|Tony Stewart, driver of the #14 Office Depot/Mobil 1 Chevrolet, celebrates with a burnout after winning the NASCAR Sprint Cup Series TUMS Fast Relief 500 at Martinsville Speedway in Martinsville, Virg., Oct. 30, 2011. (STREETER LECKA/Getty Images/AFP)
TORONTO - Want to know who really won the Tums Fast Relief 500 at Martinsville Speedway on Sunday?
It was the guy who supplies the NASCAR Sprint Cup series with sheet metal.
In what one can only be described as the 43 best stock car drivers in the world going out for Halloween dressed up as demolition derby drivers, the sixth race of the Chase for the Championship turned into a wreckfest at the little half-mile track in Martinsville, Va.
By the time Tony Stewart took the checkered flag in the No. 14 Chevrolet, there was hardly a car left on the track that wasn’t bent, dented, or busted up.
Along the way Carl Edwards caught another horseshoe, finishing ninth in the No. 99 Ford and retaining his lead in the Chase with only three races left.
At different points in the race Edwards misjudged how important track position would be when he pitted out of sequence early; went down a lap twice; got them back with lucky dog passes and had a black flag penalty reversed with less than 100 laps to go.
Edwards went into Martinsville with a 14-point margin over Roush Fenway Racing teammate Matt Kenseth.
By the time the race was over, the No. 99 Ford bwas ack on top with an eight-point lead over Stewart. Kenseth, who wrecked late in the race, dropped three positions to fifth, 36 points back.
Now Edwards faces a challenge from a determined Stewart — who now has three wins in the 10-race Chase.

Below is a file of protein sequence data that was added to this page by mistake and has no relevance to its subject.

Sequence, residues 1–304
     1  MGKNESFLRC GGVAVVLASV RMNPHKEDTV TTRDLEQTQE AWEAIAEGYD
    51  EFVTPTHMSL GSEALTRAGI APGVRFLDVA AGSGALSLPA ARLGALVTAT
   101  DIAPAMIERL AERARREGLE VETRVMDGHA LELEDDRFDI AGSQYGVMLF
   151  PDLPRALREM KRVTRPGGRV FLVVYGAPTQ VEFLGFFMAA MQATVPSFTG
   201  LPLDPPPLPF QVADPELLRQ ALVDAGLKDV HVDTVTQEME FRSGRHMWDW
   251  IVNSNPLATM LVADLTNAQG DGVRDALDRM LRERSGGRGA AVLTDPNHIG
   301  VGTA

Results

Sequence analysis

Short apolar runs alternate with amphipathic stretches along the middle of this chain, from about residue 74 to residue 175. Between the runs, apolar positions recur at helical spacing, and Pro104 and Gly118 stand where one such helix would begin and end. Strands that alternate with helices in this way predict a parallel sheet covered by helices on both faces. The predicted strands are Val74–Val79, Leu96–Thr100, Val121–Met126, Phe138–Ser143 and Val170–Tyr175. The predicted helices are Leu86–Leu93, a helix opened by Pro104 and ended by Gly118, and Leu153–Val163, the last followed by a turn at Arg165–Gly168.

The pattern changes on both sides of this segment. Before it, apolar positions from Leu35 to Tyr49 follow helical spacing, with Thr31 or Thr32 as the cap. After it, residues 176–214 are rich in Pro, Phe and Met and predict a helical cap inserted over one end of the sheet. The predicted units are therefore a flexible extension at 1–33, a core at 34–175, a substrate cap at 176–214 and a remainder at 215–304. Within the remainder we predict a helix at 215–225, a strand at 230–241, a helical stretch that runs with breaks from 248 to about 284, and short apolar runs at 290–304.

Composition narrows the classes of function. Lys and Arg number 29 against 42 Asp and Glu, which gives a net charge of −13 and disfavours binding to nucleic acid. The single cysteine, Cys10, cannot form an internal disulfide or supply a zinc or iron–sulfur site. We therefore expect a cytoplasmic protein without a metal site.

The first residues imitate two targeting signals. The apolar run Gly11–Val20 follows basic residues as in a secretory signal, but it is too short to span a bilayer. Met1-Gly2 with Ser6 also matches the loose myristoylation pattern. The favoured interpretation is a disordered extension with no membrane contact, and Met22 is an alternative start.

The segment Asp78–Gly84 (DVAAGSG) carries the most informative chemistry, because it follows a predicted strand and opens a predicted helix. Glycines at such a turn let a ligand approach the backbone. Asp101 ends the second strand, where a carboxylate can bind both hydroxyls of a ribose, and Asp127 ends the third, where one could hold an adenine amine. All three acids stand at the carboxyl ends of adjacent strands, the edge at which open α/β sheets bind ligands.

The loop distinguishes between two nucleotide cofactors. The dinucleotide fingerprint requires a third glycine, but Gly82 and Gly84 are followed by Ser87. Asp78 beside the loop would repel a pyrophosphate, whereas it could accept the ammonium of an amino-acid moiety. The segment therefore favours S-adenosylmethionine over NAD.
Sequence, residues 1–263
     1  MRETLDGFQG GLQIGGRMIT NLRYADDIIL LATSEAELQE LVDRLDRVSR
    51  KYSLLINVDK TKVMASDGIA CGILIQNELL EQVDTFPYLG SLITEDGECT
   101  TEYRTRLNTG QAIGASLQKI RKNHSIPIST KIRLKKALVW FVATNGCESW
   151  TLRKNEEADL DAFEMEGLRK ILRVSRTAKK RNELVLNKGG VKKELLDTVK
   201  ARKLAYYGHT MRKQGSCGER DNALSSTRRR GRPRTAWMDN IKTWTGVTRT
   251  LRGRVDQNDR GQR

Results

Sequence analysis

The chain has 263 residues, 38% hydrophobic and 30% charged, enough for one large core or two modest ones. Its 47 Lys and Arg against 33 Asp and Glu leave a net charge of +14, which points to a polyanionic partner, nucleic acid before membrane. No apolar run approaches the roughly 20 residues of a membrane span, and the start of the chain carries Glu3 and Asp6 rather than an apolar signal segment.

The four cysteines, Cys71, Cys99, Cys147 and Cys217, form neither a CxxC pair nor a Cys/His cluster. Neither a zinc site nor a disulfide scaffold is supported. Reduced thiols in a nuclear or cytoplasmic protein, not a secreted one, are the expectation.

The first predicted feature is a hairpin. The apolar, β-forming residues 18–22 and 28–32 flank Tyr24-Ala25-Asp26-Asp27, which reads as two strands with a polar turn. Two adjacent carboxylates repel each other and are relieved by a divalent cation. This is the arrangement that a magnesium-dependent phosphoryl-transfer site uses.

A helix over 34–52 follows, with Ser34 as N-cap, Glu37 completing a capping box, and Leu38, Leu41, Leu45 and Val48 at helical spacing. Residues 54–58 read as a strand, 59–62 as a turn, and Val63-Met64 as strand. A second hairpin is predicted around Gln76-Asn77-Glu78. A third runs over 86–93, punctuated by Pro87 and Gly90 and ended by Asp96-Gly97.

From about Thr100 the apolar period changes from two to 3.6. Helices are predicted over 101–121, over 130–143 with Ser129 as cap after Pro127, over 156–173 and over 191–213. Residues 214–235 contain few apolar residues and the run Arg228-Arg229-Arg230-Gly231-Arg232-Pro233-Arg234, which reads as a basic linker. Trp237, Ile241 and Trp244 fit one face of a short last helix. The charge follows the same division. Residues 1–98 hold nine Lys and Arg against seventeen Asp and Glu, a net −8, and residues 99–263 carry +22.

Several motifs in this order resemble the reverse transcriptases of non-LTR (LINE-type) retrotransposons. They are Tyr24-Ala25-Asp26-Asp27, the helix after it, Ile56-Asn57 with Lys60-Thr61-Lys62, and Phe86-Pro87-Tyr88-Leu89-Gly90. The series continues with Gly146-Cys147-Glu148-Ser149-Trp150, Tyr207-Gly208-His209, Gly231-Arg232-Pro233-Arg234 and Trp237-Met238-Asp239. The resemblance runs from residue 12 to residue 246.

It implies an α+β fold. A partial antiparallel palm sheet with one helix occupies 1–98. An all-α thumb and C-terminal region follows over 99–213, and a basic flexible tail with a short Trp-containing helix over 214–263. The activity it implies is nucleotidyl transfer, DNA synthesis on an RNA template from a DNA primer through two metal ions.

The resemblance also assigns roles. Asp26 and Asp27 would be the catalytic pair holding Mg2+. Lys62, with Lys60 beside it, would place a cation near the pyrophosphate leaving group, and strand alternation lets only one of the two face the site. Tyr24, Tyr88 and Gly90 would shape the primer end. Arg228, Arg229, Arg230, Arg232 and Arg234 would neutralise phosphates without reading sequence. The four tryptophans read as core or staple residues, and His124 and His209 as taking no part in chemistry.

“He had better be worried, that’s all I have to say,” Stewart warned after the race.
And what about Stewart’s day. The turning point for his team was a beating and banging fight with the No. 11 Toyota of Denny Hamlin to keep from going a lap down.
Once he managed to stay ahead of Hamlin, a yellow flag brought him back to the leaders — a place he never gave up. His pass on Jimmie Johnson for the win was vintage Stewart and puts him in a position to be Edwards’ biggest threat over the next three weeks.
Kenseth wasn’t the only Chase contender to take a big points hit.
Kyle Busch kissed his chances goodbye when he got tangled up in a late-race wreck, dropping him 57 points back and out of contention.
Five-time champion Jimmie Johnson finished second, but he is still 43 points back and all but gone from the championship picture.
Brad Keselowski looked like he had a Top Five in the works but he, too, was caught up in a crash, but dropped only one spot, 27 points back.
When is the ESPN Sprint Cup television crew going to stop referring to Juan Pablo Montoya, A.J. Allmendinger and Marcos Ambrose as NASCAR road-course specialists? I guess when they start referring to Joey Logano, Jeff Burton or Martin Truex Jr. — all behind Montoya, Allmendinger and Ambrose in points — as oval track specialists. ... Force India boss Vijay Mallya said Sunday he will decide soon which two of his three drivers — Paul di Resta, Nico Hulkenberg or Adrian Sutil — will be back next season. Based on this season’s results, it should be di Resta and Hulkenbergh. ... The Indy Light Series tested paddle shifters this past week at Sebring International Raceway. Hard to believe the paddle system — in use at almost all other major open-wheel loops including IndyCar — still hasn’t been adopted by the LIghts. ... With his win in the Camping World Truck Series Saturday at Martinsville Speedway, Denny Hamlin joined the very exclusive club of drivers who have won in all three of NASCAR’s top loops. ... Former IndyCar driver Max Papis and his NCWTS teammate Todd Bodine had a couple of run-ins at Martinsville. IndyCar champion Dario Franchitti used his Twitter account to message his pal Papis, referring to Bodine as an “idiot.”